Elizabeth Newman’s Un-titled at ANU Drill Hall Gallery is Exciting | Canberra Times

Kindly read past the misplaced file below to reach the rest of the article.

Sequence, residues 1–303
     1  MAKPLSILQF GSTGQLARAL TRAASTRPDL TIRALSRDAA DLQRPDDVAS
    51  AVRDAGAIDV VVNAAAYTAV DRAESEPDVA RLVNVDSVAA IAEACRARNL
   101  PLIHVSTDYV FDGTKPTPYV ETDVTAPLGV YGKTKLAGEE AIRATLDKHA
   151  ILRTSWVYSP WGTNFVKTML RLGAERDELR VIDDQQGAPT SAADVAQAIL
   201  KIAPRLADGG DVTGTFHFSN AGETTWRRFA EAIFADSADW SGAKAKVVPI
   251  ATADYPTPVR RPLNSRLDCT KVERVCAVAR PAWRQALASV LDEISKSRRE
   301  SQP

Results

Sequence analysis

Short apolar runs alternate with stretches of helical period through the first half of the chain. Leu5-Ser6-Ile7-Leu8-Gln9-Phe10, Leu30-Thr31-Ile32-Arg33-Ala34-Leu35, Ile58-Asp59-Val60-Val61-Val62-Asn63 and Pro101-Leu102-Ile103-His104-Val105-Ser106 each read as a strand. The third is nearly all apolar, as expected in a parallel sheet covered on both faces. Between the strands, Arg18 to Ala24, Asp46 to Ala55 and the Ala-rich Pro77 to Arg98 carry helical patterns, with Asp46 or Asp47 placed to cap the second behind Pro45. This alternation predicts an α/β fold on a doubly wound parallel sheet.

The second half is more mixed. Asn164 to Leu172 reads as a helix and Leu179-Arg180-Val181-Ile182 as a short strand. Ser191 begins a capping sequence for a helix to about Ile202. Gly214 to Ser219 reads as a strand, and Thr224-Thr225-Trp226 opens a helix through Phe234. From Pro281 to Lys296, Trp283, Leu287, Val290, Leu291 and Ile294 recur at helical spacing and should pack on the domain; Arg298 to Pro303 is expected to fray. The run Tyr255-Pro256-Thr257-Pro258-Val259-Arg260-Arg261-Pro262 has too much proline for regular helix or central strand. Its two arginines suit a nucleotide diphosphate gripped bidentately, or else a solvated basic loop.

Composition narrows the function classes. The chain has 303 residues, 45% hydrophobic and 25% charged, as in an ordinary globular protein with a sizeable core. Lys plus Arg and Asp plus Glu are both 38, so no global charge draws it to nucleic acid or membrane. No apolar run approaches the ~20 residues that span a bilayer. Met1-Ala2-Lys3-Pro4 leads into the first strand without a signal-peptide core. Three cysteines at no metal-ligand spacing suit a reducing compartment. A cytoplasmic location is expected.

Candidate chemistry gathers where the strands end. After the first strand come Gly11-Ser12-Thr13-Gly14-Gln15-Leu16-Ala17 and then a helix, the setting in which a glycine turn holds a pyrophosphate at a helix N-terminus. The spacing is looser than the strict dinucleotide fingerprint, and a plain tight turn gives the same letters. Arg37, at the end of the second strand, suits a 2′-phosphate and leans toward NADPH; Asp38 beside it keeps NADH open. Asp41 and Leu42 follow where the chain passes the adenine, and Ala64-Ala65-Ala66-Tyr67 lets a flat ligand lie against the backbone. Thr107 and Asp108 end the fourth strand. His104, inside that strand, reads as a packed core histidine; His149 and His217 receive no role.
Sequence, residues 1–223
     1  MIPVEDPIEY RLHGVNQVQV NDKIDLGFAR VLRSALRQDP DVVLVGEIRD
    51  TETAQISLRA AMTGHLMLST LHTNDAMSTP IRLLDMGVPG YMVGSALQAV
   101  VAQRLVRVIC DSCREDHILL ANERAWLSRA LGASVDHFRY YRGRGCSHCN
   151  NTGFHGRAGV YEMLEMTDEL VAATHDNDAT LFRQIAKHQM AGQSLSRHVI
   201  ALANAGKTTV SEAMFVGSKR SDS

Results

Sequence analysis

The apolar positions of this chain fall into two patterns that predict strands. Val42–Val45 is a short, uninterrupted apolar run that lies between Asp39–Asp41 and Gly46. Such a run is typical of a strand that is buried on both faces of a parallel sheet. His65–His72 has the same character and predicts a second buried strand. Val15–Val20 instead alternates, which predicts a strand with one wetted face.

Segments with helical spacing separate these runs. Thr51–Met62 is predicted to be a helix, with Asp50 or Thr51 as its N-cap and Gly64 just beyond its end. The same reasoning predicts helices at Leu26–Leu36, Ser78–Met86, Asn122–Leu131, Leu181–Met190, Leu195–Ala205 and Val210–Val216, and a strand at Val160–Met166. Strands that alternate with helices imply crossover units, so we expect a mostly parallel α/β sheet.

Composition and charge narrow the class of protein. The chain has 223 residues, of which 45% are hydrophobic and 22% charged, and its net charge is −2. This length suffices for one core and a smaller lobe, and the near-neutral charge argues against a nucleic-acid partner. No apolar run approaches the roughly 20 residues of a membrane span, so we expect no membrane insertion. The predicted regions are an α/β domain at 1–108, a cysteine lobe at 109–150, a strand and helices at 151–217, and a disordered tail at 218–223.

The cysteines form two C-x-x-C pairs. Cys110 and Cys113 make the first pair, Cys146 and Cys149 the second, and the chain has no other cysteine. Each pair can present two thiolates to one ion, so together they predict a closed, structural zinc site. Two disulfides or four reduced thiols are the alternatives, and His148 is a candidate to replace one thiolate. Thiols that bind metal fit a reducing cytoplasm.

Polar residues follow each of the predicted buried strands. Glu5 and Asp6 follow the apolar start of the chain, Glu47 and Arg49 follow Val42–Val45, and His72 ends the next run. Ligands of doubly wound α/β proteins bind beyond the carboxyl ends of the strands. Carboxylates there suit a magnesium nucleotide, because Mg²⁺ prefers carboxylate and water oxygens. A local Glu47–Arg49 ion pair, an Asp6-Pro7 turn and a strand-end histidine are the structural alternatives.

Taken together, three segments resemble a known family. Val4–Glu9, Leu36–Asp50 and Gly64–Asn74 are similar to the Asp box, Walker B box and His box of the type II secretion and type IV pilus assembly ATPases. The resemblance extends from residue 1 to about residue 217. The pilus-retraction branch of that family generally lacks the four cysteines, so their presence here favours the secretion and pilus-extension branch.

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Elizabeth Newman: Untitled. ANU Drill Hall Gallery, Kingsley Street, Acton. Until 23 January 2022. dhg.anu.edu.au. Elizabeth Newman is a high-profile artist, author and psychoanalyst in Melbourne who has had a complex relationship with art production since the mid-1980s. Her exhibition at Drill Hall Gallery presents a heterogeneous selection of her works, including pencil, charcoal and pastel drawings from 1985 to more recent oil paintings dated 2021. The title of the exhibition – Untitled – denotes a play on words that underlies much of her work. practice. In a paper she handed in at the University of Melbourne in 2012, she remarked: “It is certainly true that Un is a term. The dictionary describes it as a prefix indicating negation – not or the opposite of – but it means much more than it is for people who use it. ” Many of her works are untitled, but the insertion of the hyphen leads us into a mind game that suggests that something actually originally had a title, but through a deliberate move, the artist has decided to remove that title. Such semantic thought games are characteristic of Newman’s art practice as she moves found objects into art galleries and painstakingly deliberately made works of art out of the gallery space. In her exhibition, she plays with smooth objects that assume different shades, play different roles and assume changing identities. Newman wrote in 2014, noting: “Just as literature no longer exists and is now really ‘publishing’, so art is now ‘public display’. We live in a world of pure representation, of obscenity and equivalence: everything can be seen, and there is no longer any difference (it counts) between art and other products of the imaginary. ” While there is elegance in her verbal vocabulary that dives into the autobiography and her beloved theorists, especially Jacques Lacan, it is undeniable in this exhibition that among the readymade detritus there are also beautifully crafted paintings with a significant aesthetic presence. In particular, some of Newman’s oil paintings created in the last few years are beautifully realized with floating veils of textured colors or the quiet sublime gray-on-gray paintings that assert the power of the painted work. It is almost in spite of her protests that the desire to create strong aesthetic objects prevails in her art practice. Newman attracted attention as a painter from the mid to late 1980s, and by 1992 he seemed to have largely given up art production to study psychoanalysis and establish a professional practice. She returned to artmaking in the early 2000s and has subsequently produced some of her best works, much of which is increasingly permeated by a theoretical discourse. Oddly enough, looking at the evidence presented in this exhibition, her practice was not reborn after the decade-long pause, but seems to have resumed exactly where it left off. To the uninitiated eye, Newman is a difficult and challenging artist who tackles a wide range of media, including painting, drawing, collage, textiles and sculpture, and who engages in a wide range of artistic and theoretical strategies. The exhibition at the Drill Hall Gallery in Acton, which does not contain any text labels or even numbers related to titles, is inappropriate, and it is time consuming to run around with a gallery plan that tries to match locations with possible titles, and deters from watching the show. The exhibition at the Griffith University Art Museum of her exhibition Elizabeth Newman Is that a ‘No’ ?, which was shown in November 2020, was accompanied by extensive weight texts and titles and provided an easier introduction to her art. Aside from comments on the presentation, this is a challenging and thought-provoking exhibit that will entertain, intrigue and delight audiences.

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